Transport group opposes construction of new roads
- 20 August 2010
- From the section UK
The government should maintain the existing road network rather than extend it, the Chartered Institute of Logistics and Transport has said.
It said this would be a better use of resources at a time of government cuts.
The comments come after a survey of its 1,244 members found only 24% wanted more roads being built, while 61% would like extra rail services.
But motoring organisations, such as the AA and RAC, said road improvements needed to be made for the future.
With the government's October spending review expected to cut transport spending, the Chartered Institute of Logistics and Transport said the remaining transport budget should be targeted at supporting economic growth or reducing congestion.
Its survey suggested 70% of members backed more congestion-charging as a way for the government to raise new revenues, with 39% supportive of cutting concessions, such as free travel passes for pensioners.
Others said they would support cutting spending on rural transport services (46%), and health and safety budgets (44%).
The institute - a professional body for people working in the logistics, supply chain and transport industries - said its members were also in favour of increased efforts to change travel behaviour for environmental reasons, such as the further promotion of car-sharing and cycling.
Some 55% wanted to see more government spending to help cut the carbon emissions of the transport industry.
And nearly 80% of respondents were in favour of the proposed high-speed rail link between London and Birmingham, although some of the respondents said the project should be delayed.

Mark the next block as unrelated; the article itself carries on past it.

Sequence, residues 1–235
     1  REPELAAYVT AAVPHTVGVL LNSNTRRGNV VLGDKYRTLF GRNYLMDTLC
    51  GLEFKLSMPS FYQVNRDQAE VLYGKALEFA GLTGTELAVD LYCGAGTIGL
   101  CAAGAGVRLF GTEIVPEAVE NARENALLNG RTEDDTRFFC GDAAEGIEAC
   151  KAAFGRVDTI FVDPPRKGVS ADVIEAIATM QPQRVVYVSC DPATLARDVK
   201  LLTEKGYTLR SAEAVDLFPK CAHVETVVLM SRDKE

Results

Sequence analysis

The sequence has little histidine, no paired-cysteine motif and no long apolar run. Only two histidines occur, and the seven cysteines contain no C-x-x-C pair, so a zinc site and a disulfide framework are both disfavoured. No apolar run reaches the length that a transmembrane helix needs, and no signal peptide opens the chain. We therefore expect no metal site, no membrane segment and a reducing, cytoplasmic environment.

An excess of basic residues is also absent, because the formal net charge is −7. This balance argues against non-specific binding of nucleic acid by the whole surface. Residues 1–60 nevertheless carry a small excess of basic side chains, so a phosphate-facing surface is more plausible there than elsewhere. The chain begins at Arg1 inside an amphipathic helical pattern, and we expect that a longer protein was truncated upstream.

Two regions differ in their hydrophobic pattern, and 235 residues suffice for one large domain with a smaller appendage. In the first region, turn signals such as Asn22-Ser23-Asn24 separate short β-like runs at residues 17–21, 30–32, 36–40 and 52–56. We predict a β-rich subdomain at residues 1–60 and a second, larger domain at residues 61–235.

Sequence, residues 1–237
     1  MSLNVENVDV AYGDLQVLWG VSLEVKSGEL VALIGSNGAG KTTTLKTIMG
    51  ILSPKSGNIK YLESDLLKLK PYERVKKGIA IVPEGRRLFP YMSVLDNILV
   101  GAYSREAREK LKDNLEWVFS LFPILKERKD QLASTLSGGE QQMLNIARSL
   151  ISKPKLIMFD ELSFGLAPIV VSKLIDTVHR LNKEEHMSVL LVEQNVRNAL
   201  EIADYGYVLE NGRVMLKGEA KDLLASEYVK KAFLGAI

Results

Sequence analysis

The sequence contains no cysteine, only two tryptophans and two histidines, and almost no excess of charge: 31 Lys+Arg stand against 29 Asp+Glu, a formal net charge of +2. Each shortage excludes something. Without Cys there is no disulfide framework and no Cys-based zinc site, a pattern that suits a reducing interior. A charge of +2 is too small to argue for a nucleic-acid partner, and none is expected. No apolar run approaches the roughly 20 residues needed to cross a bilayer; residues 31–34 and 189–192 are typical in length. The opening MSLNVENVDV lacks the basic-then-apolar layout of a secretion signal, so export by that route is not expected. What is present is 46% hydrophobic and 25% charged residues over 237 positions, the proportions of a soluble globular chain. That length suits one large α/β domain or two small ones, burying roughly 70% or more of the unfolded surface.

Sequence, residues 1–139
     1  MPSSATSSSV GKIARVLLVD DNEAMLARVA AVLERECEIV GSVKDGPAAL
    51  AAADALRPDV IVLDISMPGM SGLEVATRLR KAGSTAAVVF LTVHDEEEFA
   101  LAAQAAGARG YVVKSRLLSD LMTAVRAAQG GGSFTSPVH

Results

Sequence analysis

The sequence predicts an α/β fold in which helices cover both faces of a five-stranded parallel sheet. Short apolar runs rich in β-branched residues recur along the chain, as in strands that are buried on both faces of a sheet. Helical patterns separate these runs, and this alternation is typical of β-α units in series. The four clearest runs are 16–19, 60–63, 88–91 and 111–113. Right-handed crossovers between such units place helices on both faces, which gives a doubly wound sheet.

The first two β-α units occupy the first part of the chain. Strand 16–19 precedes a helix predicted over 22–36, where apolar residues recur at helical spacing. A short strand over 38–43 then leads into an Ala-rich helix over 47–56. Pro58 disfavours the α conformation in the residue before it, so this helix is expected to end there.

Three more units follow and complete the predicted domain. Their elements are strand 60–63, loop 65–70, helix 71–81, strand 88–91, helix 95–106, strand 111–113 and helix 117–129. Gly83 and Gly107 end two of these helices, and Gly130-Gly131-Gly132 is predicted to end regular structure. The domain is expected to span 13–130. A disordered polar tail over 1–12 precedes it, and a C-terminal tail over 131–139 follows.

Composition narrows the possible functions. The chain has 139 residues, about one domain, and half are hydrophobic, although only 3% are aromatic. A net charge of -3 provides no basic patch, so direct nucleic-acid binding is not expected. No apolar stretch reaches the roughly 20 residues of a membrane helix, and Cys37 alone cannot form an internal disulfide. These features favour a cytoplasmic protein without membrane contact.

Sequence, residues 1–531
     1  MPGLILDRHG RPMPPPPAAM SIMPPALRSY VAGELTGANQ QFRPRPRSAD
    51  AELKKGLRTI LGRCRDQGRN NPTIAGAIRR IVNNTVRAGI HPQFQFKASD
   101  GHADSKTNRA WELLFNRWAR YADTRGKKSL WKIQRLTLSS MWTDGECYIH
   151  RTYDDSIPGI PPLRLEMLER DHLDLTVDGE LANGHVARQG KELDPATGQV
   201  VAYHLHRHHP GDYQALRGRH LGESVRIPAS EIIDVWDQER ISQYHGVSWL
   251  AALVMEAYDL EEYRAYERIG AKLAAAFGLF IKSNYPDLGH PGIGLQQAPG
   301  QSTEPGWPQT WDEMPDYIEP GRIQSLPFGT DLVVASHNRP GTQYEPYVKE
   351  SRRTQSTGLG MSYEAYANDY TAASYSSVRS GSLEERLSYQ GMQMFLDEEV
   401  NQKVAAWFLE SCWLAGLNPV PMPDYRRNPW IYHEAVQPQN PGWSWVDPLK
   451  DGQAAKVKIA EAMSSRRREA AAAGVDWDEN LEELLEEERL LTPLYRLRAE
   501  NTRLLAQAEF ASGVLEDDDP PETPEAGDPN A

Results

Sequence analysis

Institute president Sir Moir Lockhead said: "No one likes to see the transport budget cut, but in the current conditions it's inevitable that savings are going to have to be made."
Paul Watters, the AA's head of roads and transport policy, said in response to the survey: "Eighty-five per cent of goods and people move by road, therefore we would argue the case for not just maintaining but improving roads.
"When the economy recovers we will see congestion return, perhaps at a higher level than before. There are a lot of schemes on the list to do and at the moment they're all on the back burner.
"Even faced with limited funding, we still think the case for road building is strong."
Professor Stephen Glaister, director of the RAC Foundation, said looking after the existing transport infrastructure made economic sense and was supported by the public.
"A pre-general election poll for the RAC Foundation said fixing potholes and maintaining roads was regarded as the number one transport priority amongst voters.
"This is not to say the needs of the future can be ignored. The population is projected to increase by 10 million by 2033 and the demands on an already congested transport network will get much worse. What is the government's plan for dealing with that?"
The Road Haulage Association (RHA) said it was important that road projects already approved were not shelved as a result of spending cuts.
RHA spokeswoman Kate Gibbs said: "We support the proposal that roads are maintained to a high standard but we would also like to see the improvement of the existing road network in key areas, such as the dualling of the A303 in Wiltshire."